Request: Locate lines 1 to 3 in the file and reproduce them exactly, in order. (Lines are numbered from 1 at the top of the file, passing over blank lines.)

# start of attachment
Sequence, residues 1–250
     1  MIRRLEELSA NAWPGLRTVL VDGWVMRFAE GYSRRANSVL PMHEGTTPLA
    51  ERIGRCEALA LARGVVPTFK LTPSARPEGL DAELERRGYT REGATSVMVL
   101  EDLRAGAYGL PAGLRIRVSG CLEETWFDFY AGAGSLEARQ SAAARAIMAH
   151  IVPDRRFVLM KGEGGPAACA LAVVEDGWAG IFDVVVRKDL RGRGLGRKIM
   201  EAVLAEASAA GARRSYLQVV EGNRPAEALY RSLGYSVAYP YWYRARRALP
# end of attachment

Sequence, residues 1–250
     1  MIRRLEELSA NAWPGLRTVL VDGWVMRFAE GYSRRANSVL PMHEGTTPLA
    51  ERIGRCEALA LARGVVPTFK LTPSARPEGL DAELERRGYT REGATSVMVL